Outlook 2011

Back in April 2011 I wrote a scathing review of Microsoft Office 2011 for Mac.  I was specifically distressed by the highly touted addition of Microsoft Outlook, because after careful testing, I could reach only one conclusion: it sucks.  My solution for the total suckage of Outlook for Mac 2011 was to run Microsoft Office for Windows 2010 on the Macs around my office using a program called Parallels that (in simple terms) allows you to run Windows and Windows compatible programs on your Mac.

This sub-optimal solution became even more sub-optimal as we added more people to Microsoft Exchange.  So, some intrepid souls decided to try something radical … they used Apple Mail, iCal and Address Book to interface with Microsoft Exchange.  Low and behold … praise be to Jobs … it worked.  There were happy Mac Fanboys all over the office singing the praises of Cupertino and loving the fact that Apple was in the business of doing business.

Hallelujah, Apple got its enterprise on.  Time for Snow Leopard sock puppets! We were all thinking about making the switch.  But … just as quickly as we had fallen in love with the Apple Mail/Microsoft Exchange solution, came the End of Fanboy Days … OSX Lion 10.7.x.

There are many wonderful things I can say about Apple’s OSX Lion operating system, but compatibility with Microsoft Exchange isn’t on the list.

All of our new MacBook Air computers came with OSX Lion 10.7.x preinstalled.  As I am fond of saying, my MacBook Air is simply the finest computer I have ever owned … except for one small issue … iCal under Lion is incompatible with Microsoft Exchange.  A few minutes Googling the error message confirmed our worst fears – Apple knows about the bug and has done nothing to fix it.

The issue is subtle, but it is a deal breaker.  Under certain conditions, you can’t send and receive meeting requests and get the title of the meeting to show up in iCal.  You get a blank meeting.  When it happens the first time, you assume that you have done something wrong.  After a few more times, you ask your system admin what’s up.  By the 10th time you lose your meeting info, you type the issue into Google … that’s when the enormity of the situation hits you.  You’ve just opted into a workflow that is completely useless for the doing of business with 92% of the business world.  Want a list of compatibly issues; just search for your favorite flavor – it’s not pretty.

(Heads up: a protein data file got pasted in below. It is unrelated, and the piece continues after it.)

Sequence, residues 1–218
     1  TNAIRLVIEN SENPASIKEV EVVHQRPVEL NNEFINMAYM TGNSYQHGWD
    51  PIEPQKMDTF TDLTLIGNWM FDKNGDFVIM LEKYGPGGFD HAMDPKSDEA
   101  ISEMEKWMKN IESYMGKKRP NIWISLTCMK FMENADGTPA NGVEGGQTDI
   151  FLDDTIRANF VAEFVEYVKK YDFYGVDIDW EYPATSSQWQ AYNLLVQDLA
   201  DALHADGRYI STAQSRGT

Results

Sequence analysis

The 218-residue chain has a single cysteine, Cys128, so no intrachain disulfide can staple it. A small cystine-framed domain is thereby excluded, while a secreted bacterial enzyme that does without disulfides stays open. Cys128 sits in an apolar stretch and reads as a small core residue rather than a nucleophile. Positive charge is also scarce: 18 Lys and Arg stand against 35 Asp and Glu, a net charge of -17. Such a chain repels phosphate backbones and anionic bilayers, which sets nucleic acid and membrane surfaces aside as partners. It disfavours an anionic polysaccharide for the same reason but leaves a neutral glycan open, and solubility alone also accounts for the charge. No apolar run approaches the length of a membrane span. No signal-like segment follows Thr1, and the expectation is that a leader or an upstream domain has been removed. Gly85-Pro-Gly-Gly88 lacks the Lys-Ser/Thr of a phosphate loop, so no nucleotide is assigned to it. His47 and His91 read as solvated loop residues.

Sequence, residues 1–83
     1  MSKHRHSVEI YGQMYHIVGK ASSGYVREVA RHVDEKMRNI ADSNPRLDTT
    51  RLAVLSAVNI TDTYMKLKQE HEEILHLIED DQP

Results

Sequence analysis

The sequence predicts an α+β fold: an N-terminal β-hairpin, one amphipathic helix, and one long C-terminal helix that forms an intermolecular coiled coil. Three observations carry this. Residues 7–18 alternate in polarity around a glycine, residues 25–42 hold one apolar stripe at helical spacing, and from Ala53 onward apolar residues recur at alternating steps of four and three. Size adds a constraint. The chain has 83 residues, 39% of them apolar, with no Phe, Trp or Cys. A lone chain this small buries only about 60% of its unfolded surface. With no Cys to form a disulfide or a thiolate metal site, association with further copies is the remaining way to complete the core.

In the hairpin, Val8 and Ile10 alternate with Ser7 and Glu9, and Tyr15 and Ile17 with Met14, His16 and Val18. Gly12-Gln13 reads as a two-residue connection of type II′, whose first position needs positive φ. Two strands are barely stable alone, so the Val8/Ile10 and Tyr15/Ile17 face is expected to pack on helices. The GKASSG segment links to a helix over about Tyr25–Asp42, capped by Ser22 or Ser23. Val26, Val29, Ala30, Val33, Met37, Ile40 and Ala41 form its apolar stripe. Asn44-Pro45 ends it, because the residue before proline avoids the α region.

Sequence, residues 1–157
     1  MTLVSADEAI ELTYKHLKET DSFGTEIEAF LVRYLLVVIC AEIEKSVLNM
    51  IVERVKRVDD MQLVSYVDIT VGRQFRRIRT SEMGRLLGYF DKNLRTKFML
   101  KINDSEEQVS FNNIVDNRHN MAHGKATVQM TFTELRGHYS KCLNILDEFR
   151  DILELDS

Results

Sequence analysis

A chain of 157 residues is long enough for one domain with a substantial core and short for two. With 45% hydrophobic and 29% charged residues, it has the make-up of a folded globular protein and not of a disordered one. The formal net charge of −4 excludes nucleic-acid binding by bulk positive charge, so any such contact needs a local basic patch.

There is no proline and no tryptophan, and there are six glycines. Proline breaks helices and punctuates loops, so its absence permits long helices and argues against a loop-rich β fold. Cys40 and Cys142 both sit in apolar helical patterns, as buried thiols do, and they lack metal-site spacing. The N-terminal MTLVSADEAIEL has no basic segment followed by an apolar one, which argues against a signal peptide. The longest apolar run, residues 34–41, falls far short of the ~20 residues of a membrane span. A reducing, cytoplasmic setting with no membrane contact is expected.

To say that we did everything to solve this would be to understate the issue.  No eclectic techno-geeky trick was left untried.  Bribes to friends at Apple, calls out to hackers, even a FB plea to Fanboys around the world … all to no avail. 🙁

The ultimate solution is so sad, I have named it the End of Fanboy Days.  We are now the proud owners of a bunch of 17″ HP ProBook 4730s running Microsoft Office Professional over Windows 7 Professional.  HP’s Value Added Reseller (VAR) channel rocks!  If you ever need a bunch of computers that are sturdy, built for business, free of bloatware and ready to use when you get them, call your favorite HP VAR.  Talk about flawless integration with Microsoft Exchange — everything works so perfectly, it’s sinful!

I still carry my MacBook Air.  For me, it is still the ultimate computer in the galaxy.  I don’t mind having the crippled Microsoft Office for Mac 2011 running on this computer because I don’t do any administrative functions with it.  But, if I didn’t have an executive admin and an administrative assistant who keep my calendar, I would have to choose between crippled Outlook functions or non-functional appointment compatibility in iCal.  Two unacceptable options.

If you don’t use your computer for business and don’t have to have a computer that is 100% Microsoft Exchange compatible, nothing here really concerns you.  However, if you are truly trying to use a Mac running OSX Lion 10.7.x as a business tool to interoperate in Microsoft Exchange environment … sadly, it is truly the End of Fanboy Days.

About Shelly Palmer

Shelly Palmer is the Professor of Advanced Media in Residence at Syracuse University’s S.I. Newhouse School of Public Communications and CEO of The Palmer Group, a consulting practice that helps Fortune 500 companies with technology, media and marketing. Named LinkedIn’s “Top Voice in Technology,” he covers tech and business for Good Day New York, is a regular commentator on CNN and writes a popular daily business blog. He's a bestselling author, and the creator of the popular, free online course, Generative AI for Execs. Follow @shellypalmer or visit



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